Rethinking High School Scholarships
Now that we’ve had time to let our scholarship program take hold, we’ve sat down to take a look at the impact of our high school scholarships on our students, and the goals of our high school scholarship program as a whole.
In primary school (Grades K-6), our focus is on lighting a fire in our students’ bellies. We want to teach our students that going to school is important, that it’s a safe place, that it’s a place to explore, and that it’s a place that will bring new opportunities and a community of support. In many cases our primary school programs are also about allowing students to redefine their lives without food insecurity, violence, or abuse. Our primary school students receive uniforms and school supplies in addition to daily support in the form of food, supplementary classes, and healthcare in a space that is heavily monitored and supported by PLF.
In secondary school (Grades 7-9), our students are discovering themselves as students and learning how to support themselves. At this stage, our goal is to keep that fire burning. Students are still receiving uniforms and school supplies and are taking supplementary English and IT classes, but the responsibility and sacrifice of taking on a greater workload and a longer commute to cultivates an independent strength in our students that stokes the fire.
In high school (Grades 10-12), our students are commuting even further, sometimes even living away from home, taking on an even greater workload, and with that a greater responsibility. They are still receiving uniforms and school supplies and are taking supplementary English and IT classes. They are also young adults, who are focusing on the road ahead and how they plan to get there amidst financial, familial, and cultural pressures to marry or join the workforce early. In high school, our goal is not only to keep that fire burning, but for it to be strong and bright.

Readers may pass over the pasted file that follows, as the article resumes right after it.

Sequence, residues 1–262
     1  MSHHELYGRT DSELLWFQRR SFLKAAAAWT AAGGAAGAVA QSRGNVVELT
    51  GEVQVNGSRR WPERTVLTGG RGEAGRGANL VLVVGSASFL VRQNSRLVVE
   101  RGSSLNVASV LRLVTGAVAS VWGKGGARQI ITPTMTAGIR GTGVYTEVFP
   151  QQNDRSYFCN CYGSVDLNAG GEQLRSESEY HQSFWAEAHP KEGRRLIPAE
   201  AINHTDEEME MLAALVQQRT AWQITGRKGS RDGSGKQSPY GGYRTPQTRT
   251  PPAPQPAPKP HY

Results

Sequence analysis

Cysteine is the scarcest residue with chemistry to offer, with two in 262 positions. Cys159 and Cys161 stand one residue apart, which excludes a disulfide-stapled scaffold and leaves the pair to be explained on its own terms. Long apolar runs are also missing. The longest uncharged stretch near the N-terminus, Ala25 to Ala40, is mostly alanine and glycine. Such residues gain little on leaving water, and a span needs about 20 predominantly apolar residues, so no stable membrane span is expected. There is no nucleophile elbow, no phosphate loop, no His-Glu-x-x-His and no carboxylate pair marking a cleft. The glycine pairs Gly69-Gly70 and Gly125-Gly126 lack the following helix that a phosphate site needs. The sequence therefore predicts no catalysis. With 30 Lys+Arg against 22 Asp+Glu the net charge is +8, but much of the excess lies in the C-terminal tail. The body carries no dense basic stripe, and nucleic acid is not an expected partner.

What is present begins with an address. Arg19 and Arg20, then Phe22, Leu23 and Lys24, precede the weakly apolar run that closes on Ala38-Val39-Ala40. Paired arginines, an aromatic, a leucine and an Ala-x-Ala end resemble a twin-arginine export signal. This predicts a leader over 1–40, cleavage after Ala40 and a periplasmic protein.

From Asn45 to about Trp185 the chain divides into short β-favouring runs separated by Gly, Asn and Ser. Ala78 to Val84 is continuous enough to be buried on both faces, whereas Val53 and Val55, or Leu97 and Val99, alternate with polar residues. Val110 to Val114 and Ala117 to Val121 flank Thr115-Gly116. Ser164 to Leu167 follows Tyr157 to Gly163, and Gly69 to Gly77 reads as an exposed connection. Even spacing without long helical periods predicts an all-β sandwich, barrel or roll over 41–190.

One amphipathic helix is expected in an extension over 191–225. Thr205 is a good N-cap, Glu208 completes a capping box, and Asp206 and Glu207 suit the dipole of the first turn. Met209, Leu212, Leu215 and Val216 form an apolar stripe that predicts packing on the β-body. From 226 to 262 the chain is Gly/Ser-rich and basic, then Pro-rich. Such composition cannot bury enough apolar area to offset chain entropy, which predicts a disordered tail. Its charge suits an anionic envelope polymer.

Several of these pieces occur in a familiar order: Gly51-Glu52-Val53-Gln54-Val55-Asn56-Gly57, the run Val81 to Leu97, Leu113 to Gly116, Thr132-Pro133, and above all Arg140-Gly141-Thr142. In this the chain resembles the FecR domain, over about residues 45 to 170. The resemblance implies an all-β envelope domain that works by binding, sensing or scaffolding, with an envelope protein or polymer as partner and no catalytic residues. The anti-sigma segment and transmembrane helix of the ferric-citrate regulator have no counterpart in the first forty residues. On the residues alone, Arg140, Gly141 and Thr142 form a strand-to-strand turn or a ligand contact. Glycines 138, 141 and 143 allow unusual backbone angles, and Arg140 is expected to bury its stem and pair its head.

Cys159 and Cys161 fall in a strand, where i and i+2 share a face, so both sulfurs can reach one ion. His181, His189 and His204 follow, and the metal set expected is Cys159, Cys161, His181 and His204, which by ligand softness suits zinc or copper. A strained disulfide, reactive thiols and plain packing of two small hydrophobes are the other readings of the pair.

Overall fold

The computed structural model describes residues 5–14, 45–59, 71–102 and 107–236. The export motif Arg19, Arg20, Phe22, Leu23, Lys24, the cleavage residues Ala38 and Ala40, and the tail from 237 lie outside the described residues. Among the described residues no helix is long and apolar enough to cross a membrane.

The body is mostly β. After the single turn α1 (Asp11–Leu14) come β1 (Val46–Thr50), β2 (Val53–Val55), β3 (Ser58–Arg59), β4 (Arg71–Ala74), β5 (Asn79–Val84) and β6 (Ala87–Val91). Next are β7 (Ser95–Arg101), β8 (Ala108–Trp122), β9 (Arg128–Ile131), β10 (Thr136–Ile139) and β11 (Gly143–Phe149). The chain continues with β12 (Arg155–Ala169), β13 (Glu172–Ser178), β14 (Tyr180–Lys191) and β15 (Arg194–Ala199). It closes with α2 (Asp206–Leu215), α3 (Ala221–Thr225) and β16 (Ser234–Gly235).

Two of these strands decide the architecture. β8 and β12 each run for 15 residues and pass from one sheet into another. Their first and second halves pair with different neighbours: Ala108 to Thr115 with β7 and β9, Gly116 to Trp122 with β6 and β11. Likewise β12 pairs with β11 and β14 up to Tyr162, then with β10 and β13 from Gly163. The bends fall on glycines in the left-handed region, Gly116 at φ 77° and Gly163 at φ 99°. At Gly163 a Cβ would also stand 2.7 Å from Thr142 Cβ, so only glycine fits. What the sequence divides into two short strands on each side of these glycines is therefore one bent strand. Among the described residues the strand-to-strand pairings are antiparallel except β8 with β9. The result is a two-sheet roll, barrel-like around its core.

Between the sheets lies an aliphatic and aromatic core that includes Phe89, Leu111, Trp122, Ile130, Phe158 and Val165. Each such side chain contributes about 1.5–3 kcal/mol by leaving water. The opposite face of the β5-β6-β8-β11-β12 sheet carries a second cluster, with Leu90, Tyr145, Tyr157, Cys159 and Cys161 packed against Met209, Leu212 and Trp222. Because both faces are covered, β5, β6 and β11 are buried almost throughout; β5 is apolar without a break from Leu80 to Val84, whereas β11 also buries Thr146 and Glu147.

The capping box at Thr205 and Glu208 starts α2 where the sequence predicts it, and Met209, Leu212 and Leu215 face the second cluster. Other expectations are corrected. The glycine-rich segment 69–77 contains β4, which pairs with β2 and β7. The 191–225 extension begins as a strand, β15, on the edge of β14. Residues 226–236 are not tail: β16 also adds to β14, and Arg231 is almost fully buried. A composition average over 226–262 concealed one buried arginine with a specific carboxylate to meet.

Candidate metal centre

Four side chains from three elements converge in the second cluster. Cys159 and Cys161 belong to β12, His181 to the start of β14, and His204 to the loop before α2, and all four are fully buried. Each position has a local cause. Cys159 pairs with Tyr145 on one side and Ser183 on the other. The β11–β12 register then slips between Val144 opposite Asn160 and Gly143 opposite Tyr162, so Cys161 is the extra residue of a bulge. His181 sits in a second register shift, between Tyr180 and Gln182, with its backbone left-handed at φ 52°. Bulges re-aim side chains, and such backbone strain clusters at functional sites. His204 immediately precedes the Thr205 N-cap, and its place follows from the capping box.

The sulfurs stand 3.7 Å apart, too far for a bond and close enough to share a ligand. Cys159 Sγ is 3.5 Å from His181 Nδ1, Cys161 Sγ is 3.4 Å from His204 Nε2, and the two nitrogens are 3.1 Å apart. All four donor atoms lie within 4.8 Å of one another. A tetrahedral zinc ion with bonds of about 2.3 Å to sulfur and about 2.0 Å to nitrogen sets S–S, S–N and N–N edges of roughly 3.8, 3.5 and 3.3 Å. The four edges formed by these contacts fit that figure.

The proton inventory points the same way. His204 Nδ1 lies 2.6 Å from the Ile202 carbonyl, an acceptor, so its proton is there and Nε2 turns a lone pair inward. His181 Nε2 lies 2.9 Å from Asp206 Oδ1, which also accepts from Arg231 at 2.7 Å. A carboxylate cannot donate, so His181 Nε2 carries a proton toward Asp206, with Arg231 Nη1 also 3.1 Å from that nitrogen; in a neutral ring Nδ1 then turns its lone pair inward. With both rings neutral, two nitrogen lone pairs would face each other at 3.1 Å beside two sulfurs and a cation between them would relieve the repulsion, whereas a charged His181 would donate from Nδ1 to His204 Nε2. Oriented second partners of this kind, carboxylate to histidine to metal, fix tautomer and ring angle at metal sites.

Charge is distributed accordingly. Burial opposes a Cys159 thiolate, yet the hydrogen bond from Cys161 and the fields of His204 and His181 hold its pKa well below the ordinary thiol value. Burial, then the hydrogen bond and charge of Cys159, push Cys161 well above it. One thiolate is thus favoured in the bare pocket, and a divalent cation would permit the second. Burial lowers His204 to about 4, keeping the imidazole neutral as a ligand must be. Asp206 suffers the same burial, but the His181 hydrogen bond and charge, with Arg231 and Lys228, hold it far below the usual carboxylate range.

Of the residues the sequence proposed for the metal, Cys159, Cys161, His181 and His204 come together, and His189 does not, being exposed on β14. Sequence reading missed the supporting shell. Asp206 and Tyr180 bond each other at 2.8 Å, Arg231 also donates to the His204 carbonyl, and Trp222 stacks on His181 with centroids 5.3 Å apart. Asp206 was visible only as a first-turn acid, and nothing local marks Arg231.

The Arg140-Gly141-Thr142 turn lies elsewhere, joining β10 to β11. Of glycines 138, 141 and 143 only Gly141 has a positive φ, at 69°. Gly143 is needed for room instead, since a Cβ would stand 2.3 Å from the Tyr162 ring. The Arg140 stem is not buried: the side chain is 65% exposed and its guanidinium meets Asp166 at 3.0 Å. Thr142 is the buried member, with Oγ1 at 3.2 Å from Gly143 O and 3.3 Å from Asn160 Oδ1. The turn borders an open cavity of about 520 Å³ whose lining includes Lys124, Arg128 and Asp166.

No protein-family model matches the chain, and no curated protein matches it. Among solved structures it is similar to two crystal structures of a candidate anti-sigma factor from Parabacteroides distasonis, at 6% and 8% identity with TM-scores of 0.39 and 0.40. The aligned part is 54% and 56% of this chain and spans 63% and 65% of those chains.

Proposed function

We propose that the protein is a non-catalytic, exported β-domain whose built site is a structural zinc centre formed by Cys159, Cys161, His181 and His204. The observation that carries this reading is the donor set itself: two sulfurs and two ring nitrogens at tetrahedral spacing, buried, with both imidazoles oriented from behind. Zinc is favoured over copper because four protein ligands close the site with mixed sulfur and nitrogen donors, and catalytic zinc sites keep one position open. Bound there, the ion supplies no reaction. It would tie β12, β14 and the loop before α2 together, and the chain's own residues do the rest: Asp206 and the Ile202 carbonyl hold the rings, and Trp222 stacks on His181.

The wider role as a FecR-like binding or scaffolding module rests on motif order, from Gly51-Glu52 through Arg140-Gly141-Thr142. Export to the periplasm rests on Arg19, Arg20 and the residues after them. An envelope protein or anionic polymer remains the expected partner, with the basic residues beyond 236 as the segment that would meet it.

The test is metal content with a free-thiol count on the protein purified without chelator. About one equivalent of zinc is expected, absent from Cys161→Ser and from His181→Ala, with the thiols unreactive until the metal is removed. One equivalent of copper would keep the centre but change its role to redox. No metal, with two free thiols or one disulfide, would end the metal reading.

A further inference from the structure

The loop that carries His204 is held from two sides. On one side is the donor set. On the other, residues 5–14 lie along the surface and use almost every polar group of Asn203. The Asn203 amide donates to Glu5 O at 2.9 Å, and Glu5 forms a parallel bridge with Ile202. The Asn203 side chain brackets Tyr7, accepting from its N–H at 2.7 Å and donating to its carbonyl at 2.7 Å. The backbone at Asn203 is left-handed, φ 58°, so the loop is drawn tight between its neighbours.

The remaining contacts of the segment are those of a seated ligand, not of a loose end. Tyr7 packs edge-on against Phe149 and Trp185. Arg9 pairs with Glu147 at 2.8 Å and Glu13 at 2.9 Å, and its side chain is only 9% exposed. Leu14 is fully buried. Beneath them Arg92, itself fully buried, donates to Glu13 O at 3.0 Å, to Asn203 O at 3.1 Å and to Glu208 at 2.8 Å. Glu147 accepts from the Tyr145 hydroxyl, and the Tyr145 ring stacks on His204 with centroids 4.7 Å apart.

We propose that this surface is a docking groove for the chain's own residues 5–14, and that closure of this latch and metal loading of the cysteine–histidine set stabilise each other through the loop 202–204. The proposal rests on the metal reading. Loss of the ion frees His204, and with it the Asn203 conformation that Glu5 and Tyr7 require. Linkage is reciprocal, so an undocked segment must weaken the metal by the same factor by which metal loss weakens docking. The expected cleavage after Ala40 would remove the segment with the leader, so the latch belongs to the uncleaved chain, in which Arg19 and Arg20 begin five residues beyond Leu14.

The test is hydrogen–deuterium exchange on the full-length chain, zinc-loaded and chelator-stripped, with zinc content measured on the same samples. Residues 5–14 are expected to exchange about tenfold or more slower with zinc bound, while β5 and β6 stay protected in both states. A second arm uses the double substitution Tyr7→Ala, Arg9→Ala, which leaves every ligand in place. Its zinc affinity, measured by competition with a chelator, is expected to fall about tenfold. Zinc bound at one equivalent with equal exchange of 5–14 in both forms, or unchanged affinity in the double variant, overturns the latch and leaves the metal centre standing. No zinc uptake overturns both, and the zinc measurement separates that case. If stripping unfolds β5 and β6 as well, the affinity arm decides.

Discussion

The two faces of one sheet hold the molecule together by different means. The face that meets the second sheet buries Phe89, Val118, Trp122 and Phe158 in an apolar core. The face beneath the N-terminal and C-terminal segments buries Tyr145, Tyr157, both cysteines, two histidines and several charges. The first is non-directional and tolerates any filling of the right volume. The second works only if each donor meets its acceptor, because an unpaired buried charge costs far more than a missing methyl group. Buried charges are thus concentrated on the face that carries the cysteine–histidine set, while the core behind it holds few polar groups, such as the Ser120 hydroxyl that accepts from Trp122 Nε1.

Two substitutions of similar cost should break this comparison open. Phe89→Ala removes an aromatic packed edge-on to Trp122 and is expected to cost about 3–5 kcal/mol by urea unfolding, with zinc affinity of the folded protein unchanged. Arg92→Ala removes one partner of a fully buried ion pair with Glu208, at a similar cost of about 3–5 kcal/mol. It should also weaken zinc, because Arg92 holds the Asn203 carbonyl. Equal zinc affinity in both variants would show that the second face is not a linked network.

For the past four years we have awarded scholarships to PLF students with strong scores and demonstrated need studying in Grades 10, 11, and 12. While public high school tuition is free, the majority of teachers offer extra tuition classes in an effort to increase their salary and maximize their time spent teaching. A high school class can range anywhere from 50-70 students, and especially for the crowded classes these extra seminars provide a meaningful learning opportunity. Much to the teacher’s advantage, these classes also contain up to 70% of exam material and worked examples to help students study. This system of informal fees plays into a structure of public education that is consciously organized to discriminate against the rural poor. Our high school scholarships have afforded our students the opportunity to break that pattern by enrolling in these afternoon classes, the immediate goal being a significant improvement in their marks and a stronger foundation to prepare for the Grade 12 exam.
Now that we’ve had time to let our scholarship program take hold, we’ve sat down to take a look at the impact of our high school scholarships on our students. What we noticed is that the impact on scores in Grades 10 and 11 is positive, but quite small. Our students are still working hard in the classroom and building upon their academic identity, but they are mostly doing just that: chugging along. It is in Grade 12 that the impact of extra classes is significant, and the attitudes of both students and teachers changes focus.
In 2014 the new Minister of Education cracked down on cheating on the Grade 12 national exam for the first time. This step is an extremely positive sign of progress from the government, and it means that students are now passing because they have the ability, not because they have pockets deep enough to influence their scores. It means that hard work pays off, and that you don’t have to be rich to reach your dreams. It also means that the field is more competitive.*